Come in and Cover Me by Gin Phillips

Come in and Cover Me

352 pages; Riverhead Hardcover
Available at: | Barnes & Noble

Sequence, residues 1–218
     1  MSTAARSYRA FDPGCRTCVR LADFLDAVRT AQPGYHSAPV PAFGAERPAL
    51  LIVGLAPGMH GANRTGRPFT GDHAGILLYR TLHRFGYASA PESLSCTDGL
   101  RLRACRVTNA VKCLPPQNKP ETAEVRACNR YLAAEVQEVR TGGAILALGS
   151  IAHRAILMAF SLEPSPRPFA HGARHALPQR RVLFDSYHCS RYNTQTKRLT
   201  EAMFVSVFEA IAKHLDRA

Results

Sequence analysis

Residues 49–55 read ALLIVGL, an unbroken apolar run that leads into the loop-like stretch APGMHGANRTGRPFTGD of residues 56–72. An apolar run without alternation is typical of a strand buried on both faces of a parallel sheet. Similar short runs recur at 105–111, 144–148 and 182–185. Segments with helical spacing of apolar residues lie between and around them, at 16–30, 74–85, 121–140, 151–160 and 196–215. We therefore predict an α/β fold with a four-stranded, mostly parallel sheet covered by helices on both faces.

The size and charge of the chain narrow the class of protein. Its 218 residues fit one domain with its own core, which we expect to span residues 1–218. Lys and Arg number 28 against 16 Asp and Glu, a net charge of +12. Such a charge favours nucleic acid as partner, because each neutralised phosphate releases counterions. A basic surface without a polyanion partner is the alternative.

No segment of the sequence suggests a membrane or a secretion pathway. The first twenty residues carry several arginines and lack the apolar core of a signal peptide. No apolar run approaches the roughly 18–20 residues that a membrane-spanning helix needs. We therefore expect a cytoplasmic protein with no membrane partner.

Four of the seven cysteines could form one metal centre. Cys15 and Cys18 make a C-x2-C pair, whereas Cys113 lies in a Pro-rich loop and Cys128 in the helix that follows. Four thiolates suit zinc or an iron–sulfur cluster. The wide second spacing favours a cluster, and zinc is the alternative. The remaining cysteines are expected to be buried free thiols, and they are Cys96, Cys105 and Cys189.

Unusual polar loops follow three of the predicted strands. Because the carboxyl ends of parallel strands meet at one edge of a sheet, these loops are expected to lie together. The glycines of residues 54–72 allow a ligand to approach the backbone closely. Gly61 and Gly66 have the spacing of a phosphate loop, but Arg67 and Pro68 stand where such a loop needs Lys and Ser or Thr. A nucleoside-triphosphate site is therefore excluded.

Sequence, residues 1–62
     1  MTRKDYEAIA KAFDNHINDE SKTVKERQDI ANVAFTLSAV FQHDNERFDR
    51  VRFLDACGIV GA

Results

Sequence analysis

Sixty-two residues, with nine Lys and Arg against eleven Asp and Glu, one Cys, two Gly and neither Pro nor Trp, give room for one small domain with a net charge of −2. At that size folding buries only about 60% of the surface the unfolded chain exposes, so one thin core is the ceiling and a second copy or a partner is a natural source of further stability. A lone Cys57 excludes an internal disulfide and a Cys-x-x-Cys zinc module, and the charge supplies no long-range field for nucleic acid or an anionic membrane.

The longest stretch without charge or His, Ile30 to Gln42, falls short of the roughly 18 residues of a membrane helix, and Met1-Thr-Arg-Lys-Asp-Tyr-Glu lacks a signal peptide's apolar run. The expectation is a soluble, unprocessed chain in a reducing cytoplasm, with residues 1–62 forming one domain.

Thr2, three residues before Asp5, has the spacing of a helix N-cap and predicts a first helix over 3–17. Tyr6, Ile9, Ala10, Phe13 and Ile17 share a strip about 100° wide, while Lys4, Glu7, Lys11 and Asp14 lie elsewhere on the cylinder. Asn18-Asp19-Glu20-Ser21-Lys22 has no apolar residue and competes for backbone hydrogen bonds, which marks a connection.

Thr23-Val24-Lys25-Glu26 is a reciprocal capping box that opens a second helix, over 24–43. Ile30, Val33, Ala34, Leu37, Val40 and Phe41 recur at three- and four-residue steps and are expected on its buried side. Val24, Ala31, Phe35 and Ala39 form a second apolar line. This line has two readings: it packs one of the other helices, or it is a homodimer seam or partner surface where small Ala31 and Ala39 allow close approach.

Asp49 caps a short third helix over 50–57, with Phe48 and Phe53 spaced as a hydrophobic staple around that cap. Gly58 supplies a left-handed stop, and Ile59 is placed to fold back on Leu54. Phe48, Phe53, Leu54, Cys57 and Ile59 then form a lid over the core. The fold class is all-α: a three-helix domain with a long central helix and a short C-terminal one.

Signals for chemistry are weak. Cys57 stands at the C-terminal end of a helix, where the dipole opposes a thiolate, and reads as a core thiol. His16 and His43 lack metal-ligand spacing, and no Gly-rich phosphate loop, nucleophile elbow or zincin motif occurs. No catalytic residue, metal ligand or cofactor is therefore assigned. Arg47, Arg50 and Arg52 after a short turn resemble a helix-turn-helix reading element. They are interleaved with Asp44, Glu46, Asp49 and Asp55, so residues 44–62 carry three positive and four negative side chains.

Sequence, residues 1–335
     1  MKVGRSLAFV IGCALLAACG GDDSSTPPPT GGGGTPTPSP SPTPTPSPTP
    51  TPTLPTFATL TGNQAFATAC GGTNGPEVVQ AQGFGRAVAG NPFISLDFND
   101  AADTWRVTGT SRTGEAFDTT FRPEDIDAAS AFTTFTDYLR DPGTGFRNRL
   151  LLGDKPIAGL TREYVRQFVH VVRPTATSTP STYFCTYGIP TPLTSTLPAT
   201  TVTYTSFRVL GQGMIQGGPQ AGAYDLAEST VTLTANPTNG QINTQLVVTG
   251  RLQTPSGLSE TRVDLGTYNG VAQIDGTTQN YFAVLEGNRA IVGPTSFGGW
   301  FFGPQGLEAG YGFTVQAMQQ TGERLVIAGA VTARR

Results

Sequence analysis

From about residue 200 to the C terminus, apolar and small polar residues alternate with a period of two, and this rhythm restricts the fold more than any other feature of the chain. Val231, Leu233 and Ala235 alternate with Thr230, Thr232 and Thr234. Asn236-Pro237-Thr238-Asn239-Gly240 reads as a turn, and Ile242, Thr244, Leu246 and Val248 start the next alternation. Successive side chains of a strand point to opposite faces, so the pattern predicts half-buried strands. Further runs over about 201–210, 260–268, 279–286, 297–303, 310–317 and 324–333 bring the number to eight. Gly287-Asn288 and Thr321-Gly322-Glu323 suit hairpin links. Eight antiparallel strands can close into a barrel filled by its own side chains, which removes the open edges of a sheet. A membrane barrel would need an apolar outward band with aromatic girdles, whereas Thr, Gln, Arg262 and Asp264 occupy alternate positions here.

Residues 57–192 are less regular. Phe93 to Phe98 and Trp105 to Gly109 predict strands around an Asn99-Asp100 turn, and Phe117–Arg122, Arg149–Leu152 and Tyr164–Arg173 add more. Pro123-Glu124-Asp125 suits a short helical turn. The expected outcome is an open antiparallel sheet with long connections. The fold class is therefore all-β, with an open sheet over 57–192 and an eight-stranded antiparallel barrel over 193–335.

Thirty-nine-year old Ren is working on a dig in New Mexico, searching for Mimbres pottery that dates back to the 12th-century when she meets Silas, a fellow archaeologist whose methods are radically different that hers. While Silas dates objects by, say, counting the carbon in preserved prehistoric corn, Ren relies on a slightly less scientific method—visitations by tribal ghosts who show her how the bowls and jars were created. Novelist Phillips brings the culture and lives of these ancient people to life, as well as the fascinating details about the art of archaeology—from how a fallen bit of adobe can preserve a parrot feather to why coroners are required to examine bodies that date back 800 years. Interestingly, though, it's the personal details in this book that resonate. Ren's relationship with the past is more than professional: Her brother's death during her childhood has left her unable to connect to others, even Silas who, if things were different, she might be able love. It's this tension—between her belief that "The past was solid, weighable as cement...that it was done and over, and could be wrapped and stored without fear of it ever changing" and her awareness that she must re-examine what really happened 20 years ago in order create some kind of future for herself—that connect you to the book, both due to the subtle, evocative flashbacks and the relief at seeing for once, a woman character who is emotionally unavailable and a man who has to crack her tough shell, instead of the other way around.